• Bumblebees sleep on my flowers a lot. They really like flowers with flat tops, like Sedum spectabile ‘Neon’ Stonecrop, pentas, and spirea shrubs. All the bees have loved these the most, even more than coneflowers in my gardens.

  • The other day I had my honey spinner out with wax and all to be cleaned up by the bees after extracting. I had it in the shade and it was a nice day- not hot just nice. All the bees were all over it doing their thing. I Noticed one bee was on her back, legs up, not moving and basically dead. I poked her and picked her up by a leg and she was surely dead-never moved at all. I felt bad for her and wondered why she had died as it wasn’t cold and it wasn’t hot and no other bees were dead. How could she have died chowing away on honey I wondered?

    This was late morning. All day I checked on the bees and she was still there on her back dead. I figured I would move her when all the other bees left for,the night. Early in the evening I was watching the bees and all of a sudden the dead bee started moving. She wiggled her legs and then rolled over and fluffed her wings and in a few minutes flew off! This was after about 9 hours lying there not moving. I’ve resurrected cold bees after looking dead for a day but have never seen one on a warm day come back to life like that.

    Soooooooo, I guess from reading your post that she was just napping???Too funny.

  • @ Grace; Ha ha! So cute. Maybe she overate and was sleeping the sleep of overindulgence. Thank you for looking out for the bees 🙂

    • Hmm, very interesting question but no. I’ve never seen anything about the sleep pattern of queen bees.

  • Hi. I have an American bumble bee on one of my geranium plants on my porch. He or she is huge and has been there since I’ve come home from work today around 5 pm. It appears that it’s just clinging to one of the flowers. I cannot tell if it’s dead or alive (praying still alive). Tried givin it some sugar water and not appeared as though it moved a bit afterwards. I am hoping to see it gone in the am. and praying it’s okay.

  • I brought in the bee because I thought it was not moving because of the cold and It was on some lavender, I also gave it sugar water. It was moving if it was touched, it would put up a leg like it was saying leave me alone! Do they die like this or is it just sleeping its been like over 8 hours.

    • Hello!

      i just now came across your comment from July 2016 and I’m very hoping to know which it turned out to be for that bee of yours!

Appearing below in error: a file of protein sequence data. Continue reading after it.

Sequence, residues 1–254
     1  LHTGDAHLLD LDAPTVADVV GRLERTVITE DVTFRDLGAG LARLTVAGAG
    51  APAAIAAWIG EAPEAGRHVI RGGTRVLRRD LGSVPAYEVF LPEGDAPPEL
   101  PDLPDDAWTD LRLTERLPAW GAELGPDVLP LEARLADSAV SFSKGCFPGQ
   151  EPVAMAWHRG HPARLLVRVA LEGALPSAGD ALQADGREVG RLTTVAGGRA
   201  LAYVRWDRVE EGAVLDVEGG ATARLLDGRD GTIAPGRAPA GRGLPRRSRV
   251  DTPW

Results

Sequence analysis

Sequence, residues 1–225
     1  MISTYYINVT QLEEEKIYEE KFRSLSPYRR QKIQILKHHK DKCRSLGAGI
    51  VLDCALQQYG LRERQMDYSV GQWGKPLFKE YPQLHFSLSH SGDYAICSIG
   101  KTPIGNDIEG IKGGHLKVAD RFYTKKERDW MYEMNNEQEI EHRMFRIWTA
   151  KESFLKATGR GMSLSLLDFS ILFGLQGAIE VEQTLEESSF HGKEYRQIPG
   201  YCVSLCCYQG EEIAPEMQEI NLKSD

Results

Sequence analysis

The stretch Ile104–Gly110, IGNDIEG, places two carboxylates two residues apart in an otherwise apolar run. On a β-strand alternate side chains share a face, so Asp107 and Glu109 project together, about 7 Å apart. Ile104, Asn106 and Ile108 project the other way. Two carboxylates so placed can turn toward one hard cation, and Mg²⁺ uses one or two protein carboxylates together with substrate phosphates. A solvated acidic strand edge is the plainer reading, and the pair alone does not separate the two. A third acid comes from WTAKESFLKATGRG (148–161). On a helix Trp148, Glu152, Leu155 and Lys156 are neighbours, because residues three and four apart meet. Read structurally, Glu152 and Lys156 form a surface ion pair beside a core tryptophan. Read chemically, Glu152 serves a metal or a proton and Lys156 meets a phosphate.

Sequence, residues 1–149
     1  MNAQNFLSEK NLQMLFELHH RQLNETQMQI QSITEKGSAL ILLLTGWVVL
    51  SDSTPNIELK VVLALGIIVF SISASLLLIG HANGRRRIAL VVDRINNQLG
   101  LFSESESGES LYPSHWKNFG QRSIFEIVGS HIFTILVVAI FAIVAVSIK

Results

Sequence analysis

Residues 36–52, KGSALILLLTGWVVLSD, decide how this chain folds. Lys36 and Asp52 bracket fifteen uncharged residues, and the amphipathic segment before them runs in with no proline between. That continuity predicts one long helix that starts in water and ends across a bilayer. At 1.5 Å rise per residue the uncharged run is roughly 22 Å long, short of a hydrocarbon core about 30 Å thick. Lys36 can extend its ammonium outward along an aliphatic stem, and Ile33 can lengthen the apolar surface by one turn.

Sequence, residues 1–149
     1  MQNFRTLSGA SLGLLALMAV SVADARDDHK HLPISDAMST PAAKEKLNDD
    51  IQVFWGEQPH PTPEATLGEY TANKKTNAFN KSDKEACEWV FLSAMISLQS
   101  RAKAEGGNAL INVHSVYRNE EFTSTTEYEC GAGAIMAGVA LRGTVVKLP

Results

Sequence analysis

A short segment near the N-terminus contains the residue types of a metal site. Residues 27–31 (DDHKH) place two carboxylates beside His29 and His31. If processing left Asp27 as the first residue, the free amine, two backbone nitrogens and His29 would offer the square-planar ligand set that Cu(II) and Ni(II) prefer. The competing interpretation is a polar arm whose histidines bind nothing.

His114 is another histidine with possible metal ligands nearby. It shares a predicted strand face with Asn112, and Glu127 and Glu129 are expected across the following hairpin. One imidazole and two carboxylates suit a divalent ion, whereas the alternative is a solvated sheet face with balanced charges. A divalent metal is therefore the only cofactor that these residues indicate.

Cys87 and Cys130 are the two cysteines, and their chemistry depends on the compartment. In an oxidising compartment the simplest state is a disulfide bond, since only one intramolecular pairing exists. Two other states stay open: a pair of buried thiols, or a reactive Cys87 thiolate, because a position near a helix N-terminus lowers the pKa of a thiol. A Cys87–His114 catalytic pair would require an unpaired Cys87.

Was the little one just sleeping or was he sleeping with the fin-ches. (get it)

      I’m hoping it turned out to be a nap. : )


  • This morning around 7:30 am, I was outside and spotted several bees very still on the side of the house, not moving. It was cool, around 59 degrees. The area they were in was on the patio, under a wisteria that is blooming again for the 3rd time this year. That is the first time I have ever seen what I considered bees sleeping.

    • Diane,

      Sometimes they stay out too long, I think. They get too cold to fly and then spend the night on the siding. I’ve seen that too.

  • Grace – you confuddled me now. \I have a dish that I put sugar water in for the bees. Twice now, I’ve come across a bee on it’s back. Next day or so, it was gone. I thought maybe the other bees made a snack of them but maybe they came back from the dead too! Life’s little mysteries.

  • YES! That’s exactly what happened with mine. Perhaps they get a full ‘tummy” and take a nap! I really think so because there’s no other explanation for one to lie there for hours and then hop up and fly away! They really are amazing creatures, and if they can tell their sisters exactly where to find food miles away, why should we be surprised that they can do something as ordinary as take a nap?

  • I got a huge raspberry heddge out back with beautiful groth of berrys BUT lots of BEE-BEE bumbulbees….. and like to get my berrys? will they sleep the night and maybe I can get a big bowl of berrys. Up here the day temp is 60-65 and night down 36-40. I don’t like to get sting.

  • My bees quit the hive. I have a new queen but had a problem w/wax months. I caught the queen and put her back in the hive where she couldn’t get out and have been putting honey on new frames and putting them in the hive when the bees cluster on it. I have the entrance blocked off so they can’t leave w’syrup in a feeder. Will they stay after I open up the entrance? How long would I have to keep them confined?